Anne Miller
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I thought I would post an update on my potato plants.  They are doing great!  They are about 6-7 inches tall.

I had one plant that wash having a really hard time coming up.  I poke around it slightly and there were leaves so I figure it would eventually come up.

It rained for several days so all I did was look out the door to be sure the plants were okay.  The next time I watered the soil sunk in where the potato was and there were no green leaves. There was a hole about a inch big near the wood on the raised bed.  This reminded me of the thread on the disappearing tomatoes. So maybe that was a vole.  I kind of think one other plant is missing.  I have plenty if they don't get more.
 
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A potato thief!  Varmint!

I am waiting to see if my wood chips produce potatoes as fine as Trace's.  I've been watering them a lot in our recent weather, because the wood chips aren't as deep there and seem to get a bit dry.  We had a rain storm and I've had 2 days off from watering!

I planted purple potatoes.  Anthocyanins, you know.
 
Anne Miller
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Another quick update, the potatoes are doing great.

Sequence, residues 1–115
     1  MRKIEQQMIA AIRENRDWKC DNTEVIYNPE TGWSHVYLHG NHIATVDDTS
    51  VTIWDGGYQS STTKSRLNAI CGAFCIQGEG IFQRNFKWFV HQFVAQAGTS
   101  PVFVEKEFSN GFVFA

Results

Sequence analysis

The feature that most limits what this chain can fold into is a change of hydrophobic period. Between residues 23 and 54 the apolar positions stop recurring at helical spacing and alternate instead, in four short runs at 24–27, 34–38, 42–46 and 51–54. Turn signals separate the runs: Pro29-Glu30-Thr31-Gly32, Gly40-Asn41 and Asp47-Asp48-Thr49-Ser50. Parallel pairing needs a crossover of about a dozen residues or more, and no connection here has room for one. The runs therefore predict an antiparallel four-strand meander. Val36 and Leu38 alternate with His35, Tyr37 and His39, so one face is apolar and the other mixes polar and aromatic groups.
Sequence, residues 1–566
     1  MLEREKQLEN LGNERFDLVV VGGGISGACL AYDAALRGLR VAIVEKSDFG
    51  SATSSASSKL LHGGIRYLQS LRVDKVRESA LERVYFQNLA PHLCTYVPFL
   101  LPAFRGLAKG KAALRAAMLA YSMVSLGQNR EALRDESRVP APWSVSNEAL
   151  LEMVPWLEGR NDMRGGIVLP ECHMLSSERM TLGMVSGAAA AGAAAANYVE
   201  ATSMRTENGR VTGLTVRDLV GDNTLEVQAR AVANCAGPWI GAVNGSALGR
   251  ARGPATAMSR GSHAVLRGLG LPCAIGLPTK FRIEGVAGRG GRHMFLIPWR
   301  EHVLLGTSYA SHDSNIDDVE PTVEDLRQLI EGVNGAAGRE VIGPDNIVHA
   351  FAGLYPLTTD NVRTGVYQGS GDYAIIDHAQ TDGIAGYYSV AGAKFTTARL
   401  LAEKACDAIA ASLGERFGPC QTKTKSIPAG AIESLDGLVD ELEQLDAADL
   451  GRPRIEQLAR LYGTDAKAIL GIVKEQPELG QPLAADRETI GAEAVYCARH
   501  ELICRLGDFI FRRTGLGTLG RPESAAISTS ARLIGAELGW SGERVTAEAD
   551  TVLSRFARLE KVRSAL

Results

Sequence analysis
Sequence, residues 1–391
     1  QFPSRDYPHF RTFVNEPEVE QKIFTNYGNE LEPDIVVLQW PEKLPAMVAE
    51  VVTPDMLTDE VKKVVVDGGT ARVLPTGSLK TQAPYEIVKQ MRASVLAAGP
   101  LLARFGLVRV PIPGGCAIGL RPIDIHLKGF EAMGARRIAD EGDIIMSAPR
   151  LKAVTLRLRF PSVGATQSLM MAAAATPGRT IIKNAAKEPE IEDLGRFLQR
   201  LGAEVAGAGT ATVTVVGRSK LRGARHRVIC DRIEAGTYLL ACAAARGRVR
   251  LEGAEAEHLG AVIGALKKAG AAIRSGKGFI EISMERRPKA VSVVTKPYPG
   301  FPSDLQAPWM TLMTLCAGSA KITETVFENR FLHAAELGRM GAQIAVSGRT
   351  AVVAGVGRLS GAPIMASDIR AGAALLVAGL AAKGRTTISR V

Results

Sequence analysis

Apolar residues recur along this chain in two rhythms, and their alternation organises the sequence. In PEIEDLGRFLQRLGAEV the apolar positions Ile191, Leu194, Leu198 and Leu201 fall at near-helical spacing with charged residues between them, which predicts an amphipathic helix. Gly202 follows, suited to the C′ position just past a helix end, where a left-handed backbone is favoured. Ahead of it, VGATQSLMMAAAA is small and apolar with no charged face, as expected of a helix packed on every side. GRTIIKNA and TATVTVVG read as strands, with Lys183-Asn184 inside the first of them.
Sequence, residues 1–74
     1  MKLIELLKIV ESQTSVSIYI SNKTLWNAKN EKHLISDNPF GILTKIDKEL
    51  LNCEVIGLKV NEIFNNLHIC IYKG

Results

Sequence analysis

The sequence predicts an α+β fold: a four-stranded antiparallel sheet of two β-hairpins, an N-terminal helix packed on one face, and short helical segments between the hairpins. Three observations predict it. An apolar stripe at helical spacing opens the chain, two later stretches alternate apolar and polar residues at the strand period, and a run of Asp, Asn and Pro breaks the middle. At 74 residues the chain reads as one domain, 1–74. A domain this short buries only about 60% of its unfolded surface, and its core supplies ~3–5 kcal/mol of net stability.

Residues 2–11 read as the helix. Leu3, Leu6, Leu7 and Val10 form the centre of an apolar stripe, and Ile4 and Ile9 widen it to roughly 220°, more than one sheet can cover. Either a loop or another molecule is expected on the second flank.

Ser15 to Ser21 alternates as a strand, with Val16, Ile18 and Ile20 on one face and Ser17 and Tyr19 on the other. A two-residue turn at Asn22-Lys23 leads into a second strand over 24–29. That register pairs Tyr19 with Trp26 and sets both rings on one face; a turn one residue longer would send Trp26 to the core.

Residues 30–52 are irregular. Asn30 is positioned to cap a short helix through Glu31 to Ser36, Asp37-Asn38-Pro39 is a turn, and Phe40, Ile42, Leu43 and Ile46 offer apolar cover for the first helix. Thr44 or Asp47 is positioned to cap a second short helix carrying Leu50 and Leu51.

The vole/voles have not been back since I flooded the bed. Great!

I so far have not been bothered by bugs as I pick off any that I see. Great!

Now for ants.  They seem to think I made this garden for them to make a home.

I flooded the bed again and found no ants though a rabbit looked like it started to make a nest.  I filled in the hole and it has not been back.

The ants are back.  

I went back to the house and got my bucket of coffee grounds.  

I sprinkle the ground where ever I saw an ant.  

It appears that ants do not like coffee ground.

They were running up the garden hose and abruptly turned and ran away.

I put a trail of coffee grounds all around the sides of the bed and all along the garden hose and sprinkler. And on the ground where it looked like they were climbing into the bed.

I hope this does the trick!




 
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Anne,

I had not heard about coffee grounds repelling ants.  Glad to know that it works for you and I will keep that in mind myself.

Eric
 
Michelle Heath
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Anne, so glad to hear your potatoes are doing great.  

I'll have to try the coffee grounds around my strawberries as the ants love them.
 
Anne Miller
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While I was battling ants with vinegar and coffee ground, the potato plants bloomed.

I feel I got the best of the ants, though I am using up my vinegar even if I mixed it 50/50 with water. The coffee ground blows away so I have to add more.